To make cell therapies work in solid tumors, drug companies will have to either master combination therapies or figure out how to make their treatments trigger broad immune responses that extend beyond the antigen specificity of the engineered cells.
That was the consensus of academic researchers who attended a two-day workshop on the topic held by NCI on Dec. 10-11.
The discussion highlighted three key challenges for translating the success of cell therapies in hematologic cancers to solid tumors: target selection, trafficking of the cells to tumors and overcoming immunosuppression in the tumor microenvironment.
Much of the meeting centered on target selection, in particular the field’s inability to identify antigens that are expressed on all cells within a solid tumor -- which is needed for amplifying efficacy -- and not on healthy cells, which matters for toxicity.
One issue is that hematologic cancers are more likely to arise from a single clone than solid tumors, which are comprised of cells harboring different mutations and different gene expression profiles. Targeting one antigen inevitably leaves some cells unscathed and free to regrow.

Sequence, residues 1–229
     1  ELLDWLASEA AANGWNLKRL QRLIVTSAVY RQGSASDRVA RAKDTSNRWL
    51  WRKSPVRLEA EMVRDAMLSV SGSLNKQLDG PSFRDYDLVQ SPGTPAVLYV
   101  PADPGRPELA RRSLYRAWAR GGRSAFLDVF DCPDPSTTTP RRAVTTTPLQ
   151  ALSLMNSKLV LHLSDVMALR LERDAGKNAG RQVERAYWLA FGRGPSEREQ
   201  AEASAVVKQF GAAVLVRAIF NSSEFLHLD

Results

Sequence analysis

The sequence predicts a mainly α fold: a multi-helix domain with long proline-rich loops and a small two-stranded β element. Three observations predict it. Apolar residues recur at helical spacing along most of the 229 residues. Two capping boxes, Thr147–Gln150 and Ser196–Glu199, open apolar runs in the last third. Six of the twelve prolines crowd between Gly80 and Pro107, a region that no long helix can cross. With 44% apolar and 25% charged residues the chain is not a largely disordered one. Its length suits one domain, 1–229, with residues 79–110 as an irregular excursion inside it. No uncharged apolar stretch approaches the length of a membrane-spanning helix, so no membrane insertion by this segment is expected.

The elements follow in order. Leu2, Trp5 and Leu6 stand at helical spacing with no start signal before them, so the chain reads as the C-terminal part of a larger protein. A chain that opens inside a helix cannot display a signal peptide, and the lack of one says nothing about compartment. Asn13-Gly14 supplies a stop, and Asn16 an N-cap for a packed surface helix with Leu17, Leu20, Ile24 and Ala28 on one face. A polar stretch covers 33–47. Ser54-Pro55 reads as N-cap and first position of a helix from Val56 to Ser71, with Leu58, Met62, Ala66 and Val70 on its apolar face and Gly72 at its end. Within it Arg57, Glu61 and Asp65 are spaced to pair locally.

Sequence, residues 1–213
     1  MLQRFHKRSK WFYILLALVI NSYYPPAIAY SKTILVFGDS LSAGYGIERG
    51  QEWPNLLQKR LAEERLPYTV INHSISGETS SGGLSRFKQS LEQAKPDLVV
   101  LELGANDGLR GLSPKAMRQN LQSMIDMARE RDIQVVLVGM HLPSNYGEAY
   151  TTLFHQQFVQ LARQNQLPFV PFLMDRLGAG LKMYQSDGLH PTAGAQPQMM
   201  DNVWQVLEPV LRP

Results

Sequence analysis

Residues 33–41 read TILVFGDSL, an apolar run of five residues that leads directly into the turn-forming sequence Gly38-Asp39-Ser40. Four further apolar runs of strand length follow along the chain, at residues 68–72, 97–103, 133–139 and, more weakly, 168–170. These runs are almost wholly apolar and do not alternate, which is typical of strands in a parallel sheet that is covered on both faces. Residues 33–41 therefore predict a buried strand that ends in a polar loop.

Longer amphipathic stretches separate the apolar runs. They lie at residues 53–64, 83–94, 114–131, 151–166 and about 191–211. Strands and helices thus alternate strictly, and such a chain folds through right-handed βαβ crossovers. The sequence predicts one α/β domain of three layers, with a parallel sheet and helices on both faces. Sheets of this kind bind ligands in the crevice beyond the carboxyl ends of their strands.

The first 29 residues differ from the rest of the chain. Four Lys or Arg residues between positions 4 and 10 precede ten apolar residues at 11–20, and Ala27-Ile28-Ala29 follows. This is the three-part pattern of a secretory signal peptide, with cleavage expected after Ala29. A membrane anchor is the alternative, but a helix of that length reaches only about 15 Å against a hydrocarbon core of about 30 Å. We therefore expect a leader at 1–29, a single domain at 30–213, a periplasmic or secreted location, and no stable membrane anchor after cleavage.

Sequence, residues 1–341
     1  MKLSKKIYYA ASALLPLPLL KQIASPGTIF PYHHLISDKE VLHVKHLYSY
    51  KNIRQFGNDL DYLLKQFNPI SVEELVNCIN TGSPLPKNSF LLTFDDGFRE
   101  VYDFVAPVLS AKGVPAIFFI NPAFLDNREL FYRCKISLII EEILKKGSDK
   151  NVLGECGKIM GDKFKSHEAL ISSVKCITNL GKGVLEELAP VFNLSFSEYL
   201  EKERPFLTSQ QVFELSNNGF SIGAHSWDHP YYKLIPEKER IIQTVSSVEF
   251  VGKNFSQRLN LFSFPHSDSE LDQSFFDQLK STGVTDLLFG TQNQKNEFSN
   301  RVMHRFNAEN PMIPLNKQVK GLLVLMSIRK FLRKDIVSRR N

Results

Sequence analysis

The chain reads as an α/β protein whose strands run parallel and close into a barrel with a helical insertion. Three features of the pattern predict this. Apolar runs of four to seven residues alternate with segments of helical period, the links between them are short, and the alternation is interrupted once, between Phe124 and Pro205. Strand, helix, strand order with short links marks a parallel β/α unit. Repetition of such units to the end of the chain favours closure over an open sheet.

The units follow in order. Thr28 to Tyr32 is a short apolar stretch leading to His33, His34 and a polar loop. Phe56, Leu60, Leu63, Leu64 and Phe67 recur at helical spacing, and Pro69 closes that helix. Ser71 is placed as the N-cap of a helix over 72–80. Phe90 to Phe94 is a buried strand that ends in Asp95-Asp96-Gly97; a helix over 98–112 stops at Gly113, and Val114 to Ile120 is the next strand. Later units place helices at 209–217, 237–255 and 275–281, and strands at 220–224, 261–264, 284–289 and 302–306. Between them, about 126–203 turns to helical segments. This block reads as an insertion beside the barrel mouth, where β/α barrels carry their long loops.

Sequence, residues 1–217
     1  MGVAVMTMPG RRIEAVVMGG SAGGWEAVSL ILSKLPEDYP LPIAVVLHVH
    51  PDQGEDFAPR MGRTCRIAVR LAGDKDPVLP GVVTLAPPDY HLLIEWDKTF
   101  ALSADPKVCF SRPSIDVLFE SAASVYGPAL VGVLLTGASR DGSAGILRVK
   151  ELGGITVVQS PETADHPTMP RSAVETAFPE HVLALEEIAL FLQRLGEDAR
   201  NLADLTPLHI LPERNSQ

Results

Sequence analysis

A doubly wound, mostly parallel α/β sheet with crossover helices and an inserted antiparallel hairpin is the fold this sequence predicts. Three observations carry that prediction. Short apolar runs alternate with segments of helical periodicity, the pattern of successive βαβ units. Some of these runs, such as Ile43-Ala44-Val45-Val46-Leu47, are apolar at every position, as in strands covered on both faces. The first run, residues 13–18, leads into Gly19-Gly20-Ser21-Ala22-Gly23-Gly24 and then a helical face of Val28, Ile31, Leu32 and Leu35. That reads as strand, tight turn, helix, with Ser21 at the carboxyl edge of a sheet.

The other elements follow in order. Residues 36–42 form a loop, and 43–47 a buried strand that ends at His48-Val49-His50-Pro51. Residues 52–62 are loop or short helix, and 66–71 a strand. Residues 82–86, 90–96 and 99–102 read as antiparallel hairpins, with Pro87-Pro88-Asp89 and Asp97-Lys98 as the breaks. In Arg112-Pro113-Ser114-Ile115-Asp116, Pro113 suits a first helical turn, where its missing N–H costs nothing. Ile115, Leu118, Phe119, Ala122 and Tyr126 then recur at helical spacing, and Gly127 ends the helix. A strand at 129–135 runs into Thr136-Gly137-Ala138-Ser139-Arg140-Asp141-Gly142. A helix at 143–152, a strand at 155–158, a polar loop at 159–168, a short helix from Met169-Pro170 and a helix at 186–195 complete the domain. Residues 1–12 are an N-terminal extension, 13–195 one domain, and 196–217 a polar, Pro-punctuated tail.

Researchers pointed to at least three ways of getting around the problem: creating CAR or TCR therapies that target multiple antigens, combining cell therapies with other modalities and engineering the therapies to trigger epitope spreading, a phenomenon in which the immune system learns to recognize additional antigens from the wreckage of tumor cells killed by the therapy.
Companies are at early stages of executing all three strategies. Some of the technologies are being developed for hematologic indications as well, and were on display in abstracts presented at this year’s American Society of Hematology (ASH) meeting (see “Souped-up CARs at ASH 2018”).
The presence of most solid tumor antigens on healthy tissues means